DATE: February 15, 2017
PARTIES: University of Toronto v. L.Z. ("the Student")
Hearing Date(s): January 25, 2017
Mr. Christopher Wirth, Barrister and Solicitor, Chair
Professor Pascal van Lieshout, University of Toronto, Department of Speech-Language
Pathology, Faculty Panel Member
Mr. Andrey Lapin, Student Panel Member
Ms. Tina Lie, Assistant Discipline Counsel for the University, Paliare Roland Rosenberg
Professor Eleanor Irwin, Dean's Designate, University of Toronto, Scarborough
Ms. Krista Osbourne, University of Toronto, Administrative Assistant, Office of Appeals,
Discipline and Faculty Grievances
Not in Attendance:
Trial Division - s. B.i.1(d) of Code - plagiarism - student submitted essay worth 25% with substantial unattributed copying - student did not attend hearing - finding of guilt - zero on course, two year suspension, three year notation, publication of the decision with the name of the Student withheld
The Student was charged with plagiarism under s. B.i.1(d) of the Code, and in the alternative with academic dishonesty under s. B.i.3(b) of the Code. The Student submitted an essay in a course, worth 25% of the final grade, containing nearly verbatim passages from Wikipedia that were unattributed or misattributed. The Student had received specific instruction about plagiarism and proper citation in the course and submitted a signed statement with the essay to the effect that any secondary sources used had been properly cited.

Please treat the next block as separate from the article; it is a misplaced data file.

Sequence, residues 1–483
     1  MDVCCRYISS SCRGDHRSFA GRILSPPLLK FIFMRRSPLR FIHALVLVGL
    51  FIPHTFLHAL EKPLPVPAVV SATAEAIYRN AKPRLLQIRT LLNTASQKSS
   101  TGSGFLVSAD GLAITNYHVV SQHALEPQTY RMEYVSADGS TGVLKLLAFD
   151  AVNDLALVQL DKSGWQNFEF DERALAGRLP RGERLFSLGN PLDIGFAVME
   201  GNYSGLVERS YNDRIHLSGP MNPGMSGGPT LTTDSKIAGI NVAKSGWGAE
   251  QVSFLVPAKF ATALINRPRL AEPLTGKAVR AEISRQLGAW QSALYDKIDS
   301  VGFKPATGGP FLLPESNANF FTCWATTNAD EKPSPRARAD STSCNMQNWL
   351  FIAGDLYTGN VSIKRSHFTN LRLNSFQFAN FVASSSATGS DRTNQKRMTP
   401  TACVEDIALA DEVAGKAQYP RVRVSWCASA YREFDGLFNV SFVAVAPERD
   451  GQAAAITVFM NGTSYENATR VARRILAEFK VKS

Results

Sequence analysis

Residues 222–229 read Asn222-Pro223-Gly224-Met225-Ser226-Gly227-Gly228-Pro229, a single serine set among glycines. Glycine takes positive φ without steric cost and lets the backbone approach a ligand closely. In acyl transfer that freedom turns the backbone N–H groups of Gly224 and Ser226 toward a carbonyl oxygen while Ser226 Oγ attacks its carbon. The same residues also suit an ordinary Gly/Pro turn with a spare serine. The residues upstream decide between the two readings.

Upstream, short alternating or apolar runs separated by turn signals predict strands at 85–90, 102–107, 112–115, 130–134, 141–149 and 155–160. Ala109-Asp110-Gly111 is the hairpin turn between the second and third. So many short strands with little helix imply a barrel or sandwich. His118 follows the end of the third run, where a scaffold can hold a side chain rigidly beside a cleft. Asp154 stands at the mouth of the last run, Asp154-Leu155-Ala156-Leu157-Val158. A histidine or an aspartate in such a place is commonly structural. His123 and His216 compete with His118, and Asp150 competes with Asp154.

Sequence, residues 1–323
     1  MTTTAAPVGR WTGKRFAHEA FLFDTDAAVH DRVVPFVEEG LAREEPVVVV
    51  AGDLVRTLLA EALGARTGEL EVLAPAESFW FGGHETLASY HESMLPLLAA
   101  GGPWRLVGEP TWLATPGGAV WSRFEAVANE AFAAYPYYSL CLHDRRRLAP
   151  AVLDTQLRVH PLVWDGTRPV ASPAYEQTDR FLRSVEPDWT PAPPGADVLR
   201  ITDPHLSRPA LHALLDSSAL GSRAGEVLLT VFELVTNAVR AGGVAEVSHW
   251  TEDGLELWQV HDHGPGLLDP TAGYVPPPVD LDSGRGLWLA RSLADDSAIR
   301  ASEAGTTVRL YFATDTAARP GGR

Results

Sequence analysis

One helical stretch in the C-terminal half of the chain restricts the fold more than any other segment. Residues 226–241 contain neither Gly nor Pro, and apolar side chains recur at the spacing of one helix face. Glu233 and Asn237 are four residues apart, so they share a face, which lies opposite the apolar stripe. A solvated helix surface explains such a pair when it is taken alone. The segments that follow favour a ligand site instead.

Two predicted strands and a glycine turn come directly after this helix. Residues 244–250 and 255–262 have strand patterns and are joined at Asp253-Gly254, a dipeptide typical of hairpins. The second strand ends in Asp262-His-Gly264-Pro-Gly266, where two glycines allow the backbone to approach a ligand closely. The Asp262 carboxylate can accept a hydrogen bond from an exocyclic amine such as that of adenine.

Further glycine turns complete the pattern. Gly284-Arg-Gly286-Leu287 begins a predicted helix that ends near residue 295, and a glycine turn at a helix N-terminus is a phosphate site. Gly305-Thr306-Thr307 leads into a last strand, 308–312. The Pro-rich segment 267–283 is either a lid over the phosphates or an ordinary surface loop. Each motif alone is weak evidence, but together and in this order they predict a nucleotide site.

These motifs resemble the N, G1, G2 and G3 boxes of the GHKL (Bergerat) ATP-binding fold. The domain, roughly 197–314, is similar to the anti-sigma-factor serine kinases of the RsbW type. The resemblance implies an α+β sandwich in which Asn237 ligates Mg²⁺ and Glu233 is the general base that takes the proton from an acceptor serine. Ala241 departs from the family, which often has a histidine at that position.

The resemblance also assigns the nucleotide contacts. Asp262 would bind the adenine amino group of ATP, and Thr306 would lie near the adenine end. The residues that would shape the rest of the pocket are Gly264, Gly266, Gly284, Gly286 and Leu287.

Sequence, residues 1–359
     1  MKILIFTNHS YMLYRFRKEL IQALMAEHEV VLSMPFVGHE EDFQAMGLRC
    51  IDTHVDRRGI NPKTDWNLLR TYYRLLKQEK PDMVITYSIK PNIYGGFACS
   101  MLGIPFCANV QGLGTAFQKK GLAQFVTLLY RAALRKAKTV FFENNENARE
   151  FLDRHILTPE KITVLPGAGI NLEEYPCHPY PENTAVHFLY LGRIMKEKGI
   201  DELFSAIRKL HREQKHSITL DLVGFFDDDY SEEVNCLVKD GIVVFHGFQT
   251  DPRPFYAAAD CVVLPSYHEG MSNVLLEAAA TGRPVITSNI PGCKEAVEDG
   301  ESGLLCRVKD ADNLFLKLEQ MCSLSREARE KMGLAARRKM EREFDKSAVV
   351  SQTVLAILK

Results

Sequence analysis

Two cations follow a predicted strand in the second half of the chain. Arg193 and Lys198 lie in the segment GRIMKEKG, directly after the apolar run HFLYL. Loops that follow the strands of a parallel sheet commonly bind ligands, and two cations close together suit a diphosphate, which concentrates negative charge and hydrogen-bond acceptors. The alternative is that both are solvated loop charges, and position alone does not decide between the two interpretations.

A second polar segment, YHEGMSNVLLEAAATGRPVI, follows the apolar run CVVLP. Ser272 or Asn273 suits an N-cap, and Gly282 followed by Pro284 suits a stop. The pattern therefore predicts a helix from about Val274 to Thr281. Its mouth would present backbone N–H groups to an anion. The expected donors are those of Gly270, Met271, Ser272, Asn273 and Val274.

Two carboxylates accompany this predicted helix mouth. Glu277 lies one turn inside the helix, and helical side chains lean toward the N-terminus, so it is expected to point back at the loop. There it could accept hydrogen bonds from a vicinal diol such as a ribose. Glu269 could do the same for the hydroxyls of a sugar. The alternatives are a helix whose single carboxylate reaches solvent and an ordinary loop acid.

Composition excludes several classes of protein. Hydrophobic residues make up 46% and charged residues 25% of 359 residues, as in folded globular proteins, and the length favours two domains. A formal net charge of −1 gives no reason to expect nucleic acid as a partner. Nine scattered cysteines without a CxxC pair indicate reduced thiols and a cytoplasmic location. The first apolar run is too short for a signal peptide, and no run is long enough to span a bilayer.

The Student did not appear at the hearing. The University had affidavit evidence showing that the Student had been served the relevant notices. The Student was found guilty of plagiarism on the basis of an affidavit from the course instructor and a comparison of the essay and the relevant Wikipedia pages and the sources they cited. The University withdrew the other charge.
The University sought and obtained a mark of zero in the course, a two year suspension, a three year notation, and publication of the decision with the name of the Student withheld. The Tribunal found that this penalty was in accordance with other decisions of the Tribunal in similar circumstances, and was appropriate given the sentencing factors as outlined in the Tribunal’s leading case (Mr C) on sanctioning.